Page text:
As chloroplasts transform carotenoids into chlorophyll, some greening occurs naturally as oranges ripen after picking. But temperature regulation and ethylene control during storage and transport can minimize this.
What Factors Promote Greening?
There are a few key environmental factors that promote development of green pigments in oranges:
Chlorophyll production increases when temperatures drop below 50°F (10°C). Low temperatures slow carotenoid synthesis but allow chlorophyll production to continue.
Direct, intense light energizes chlorophyll production. Shaded oranges stay more orange. Post-harvest sun exposure can swiftly bring out green tones.
High relative humidity above 90% provides ample moisture to support chlorophyll synthesis. Humid storage environments promote greening.
The gaseous plant hormone ethylene enhances chlorophyll production. Ethylene released during storage can hasten development of green pigments.
Breaks in the peel allow chlorophyll to show through where carotenoids have been removed. Bruising and punctures lead to green blemishes.
Problematic Orange Varieties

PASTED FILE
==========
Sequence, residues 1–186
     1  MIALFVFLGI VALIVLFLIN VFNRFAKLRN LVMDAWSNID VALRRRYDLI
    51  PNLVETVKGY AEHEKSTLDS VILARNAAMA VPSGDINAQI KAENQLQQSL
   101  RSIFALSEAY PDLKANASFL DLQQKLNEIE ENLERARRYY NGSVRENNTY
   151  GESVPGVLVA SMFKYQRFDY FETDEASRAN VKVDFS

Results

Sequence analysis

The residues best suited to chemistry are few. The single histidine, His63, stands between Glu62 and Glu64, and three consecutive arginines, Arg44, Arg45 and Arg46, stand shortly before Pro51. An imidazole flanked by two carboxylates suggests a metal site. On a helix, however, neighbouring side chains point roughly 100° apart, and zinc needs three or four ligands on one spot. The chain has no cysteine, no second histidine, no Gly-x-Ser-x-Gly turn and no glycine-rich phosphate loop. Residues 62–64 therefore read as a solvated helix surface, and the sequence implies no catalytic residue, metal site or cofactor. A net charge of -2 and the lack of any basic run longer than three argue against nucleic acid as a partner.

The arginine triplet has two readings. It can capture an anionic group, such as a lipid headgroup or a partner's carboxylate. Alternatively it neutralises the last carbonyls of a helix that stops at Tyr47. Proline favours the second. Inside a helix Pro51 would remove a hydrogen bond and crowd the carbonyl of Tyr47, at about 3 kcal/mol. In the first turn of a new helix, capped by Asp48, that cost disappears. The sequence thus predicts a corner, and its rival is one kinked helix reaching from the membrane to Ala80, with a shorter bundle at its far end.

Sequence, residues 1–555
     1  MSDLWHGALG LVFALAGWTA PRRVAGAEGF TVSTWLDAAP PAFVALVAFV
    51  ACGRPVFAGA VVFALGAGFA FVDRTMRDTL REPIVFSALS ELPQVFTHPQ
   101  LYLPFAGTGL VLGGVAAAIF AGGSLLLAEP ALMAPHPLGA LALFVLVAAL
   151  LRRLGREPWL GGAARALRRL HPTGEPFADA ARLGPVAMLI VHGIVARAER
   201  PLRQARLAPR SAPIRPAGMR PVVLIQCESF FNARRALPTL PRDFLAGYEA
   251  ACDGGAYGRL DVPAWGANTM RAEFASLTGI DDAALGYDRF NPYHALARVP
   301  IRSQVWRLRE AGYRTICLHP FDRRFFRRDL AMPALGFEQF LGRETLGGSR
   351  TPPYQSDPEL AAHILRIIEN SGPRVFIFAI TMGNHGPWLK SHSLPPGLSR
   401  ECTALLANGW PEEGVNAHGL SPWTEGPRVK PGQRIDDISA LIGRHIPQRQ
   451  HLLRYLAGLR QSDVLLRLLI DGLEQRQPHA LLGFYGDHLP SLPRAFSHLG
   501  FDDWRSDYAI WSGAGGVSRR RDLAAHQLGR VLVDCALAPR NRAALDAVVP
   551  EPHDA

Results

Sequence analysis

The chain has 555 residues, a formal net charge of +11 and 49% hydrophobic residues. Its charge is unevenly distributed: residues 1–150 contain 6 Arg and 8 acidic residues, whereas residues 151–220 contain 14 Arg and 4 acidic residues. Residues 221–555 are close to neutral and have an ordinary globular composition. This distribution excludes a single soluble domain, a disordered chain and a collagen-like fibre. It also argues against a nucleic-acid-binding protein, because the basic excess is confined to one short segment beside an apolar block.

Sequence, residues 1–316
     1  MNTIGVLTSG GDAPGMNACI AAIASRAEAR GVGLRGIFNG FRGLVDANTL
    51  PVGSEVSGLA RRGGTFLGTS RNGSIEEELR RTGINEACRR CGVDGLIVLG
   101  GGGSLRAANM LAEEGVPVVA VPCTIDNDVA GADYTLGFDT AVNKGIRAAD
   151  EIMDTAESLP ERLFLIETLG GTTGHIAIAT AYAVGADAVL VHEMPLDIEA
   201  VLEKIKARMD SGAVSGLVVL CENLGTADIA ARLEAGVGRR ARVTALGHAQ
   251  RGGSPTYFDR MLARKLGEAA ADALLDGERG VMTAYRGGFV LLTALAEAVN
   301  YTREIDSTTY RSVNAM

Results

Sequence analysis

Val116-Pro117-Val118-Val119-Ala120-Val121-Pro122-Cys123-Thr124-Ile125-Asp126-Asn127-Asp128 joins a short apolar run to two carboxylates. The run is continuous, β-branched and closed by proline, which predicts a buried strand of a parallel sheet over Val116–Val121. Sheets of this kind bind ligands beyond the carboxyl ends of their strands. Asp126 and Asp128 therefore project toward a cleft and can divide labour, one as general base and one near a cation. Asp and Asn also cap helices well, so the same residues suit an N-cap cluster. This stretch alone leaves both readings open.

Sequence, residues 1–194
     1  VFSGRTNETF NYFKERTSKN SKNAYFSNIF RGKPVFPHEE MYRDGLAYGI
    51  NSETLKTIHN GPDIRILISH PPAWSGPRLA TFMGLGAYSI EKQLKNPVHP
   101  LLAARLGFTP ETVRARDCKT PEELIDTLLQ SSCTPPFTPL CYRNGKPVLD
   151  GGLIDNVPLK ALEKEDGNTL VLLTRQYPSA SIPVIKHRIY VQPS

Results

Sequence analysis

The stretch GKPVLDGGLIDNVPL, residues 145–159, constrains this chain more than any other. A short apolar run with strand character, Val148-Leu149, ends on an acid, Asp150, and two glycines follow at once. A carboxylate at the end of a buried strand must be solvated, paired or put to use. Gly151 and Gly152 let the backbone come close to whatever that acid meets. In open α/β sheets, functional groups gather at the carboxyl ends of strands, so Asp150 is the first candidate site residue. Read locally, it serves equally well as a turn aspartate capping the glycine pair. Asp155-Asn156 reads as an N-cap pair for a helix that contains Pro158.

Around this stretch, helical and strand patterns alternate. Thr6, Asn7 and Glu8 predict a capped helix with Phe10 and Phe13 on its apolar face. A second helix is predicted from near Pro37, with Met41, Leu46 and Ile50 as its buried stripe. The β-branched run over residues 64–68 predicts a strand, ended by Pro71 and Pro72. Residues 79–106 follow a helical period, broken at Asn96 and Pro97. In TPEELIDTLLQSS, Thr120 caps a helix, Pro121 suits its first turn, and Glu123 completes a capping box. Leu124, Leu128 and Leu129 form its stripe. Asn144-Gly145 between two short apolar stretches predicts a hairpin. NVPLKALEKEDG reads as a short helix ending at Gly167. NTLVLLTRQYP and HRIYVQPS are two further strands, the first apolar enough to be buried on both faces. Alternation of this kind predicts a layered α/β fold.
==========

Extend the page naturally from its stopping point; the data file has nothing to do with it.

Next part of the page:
Some orange varieties are more susceptible to developing green spots and discoloration. The main varieties that tend to turn green are:
Navel oranges readily develop green patches, especially on the shaded topside of the fruit. Their genes promote chlorophyll synthesis.
Valencias are also genetically prone to greening. They become blushed with green spots when exposed to cool temperatures.
Moro and Tarocco blood oranges can take on greenish tones in some growing conditions. Their red pigments allow green hues to show through.
Cara Cara Oranges
The pink flesh of Cara Caras contrasts with green skin spots that form readily on this variety. Green spots develop on Cara Caras as chlorophyll accumulates in the peel.
Cool weather promotes green patches on Satsuma mandarins. Their thin peels allow green to come through under the right conditions.
Is it Safe to Eat Oranges with Green Peels?
Yes, oranges that have turned partly green are still safe to eat. The green color is just a cosmetic issue on the peel. The inside flesh remains fully orange and edible. Any green spots are superficial and do not affect orange quality.
However, heavily greened oranges may taste more bitter. Chlorophyll contributes grassy, bitter notes compared to sweet orange carotenoids. But oranges with a few green spots or a light green tinge are usually not noticeably different in flavor.
The flesh inside greenish oranges is still nutritious and safe. Only very moldy, rotten oranges with green mold penetrating into the fruit should be discarded. Otherwise, green peel can be peeled off and the orange eaten as normal.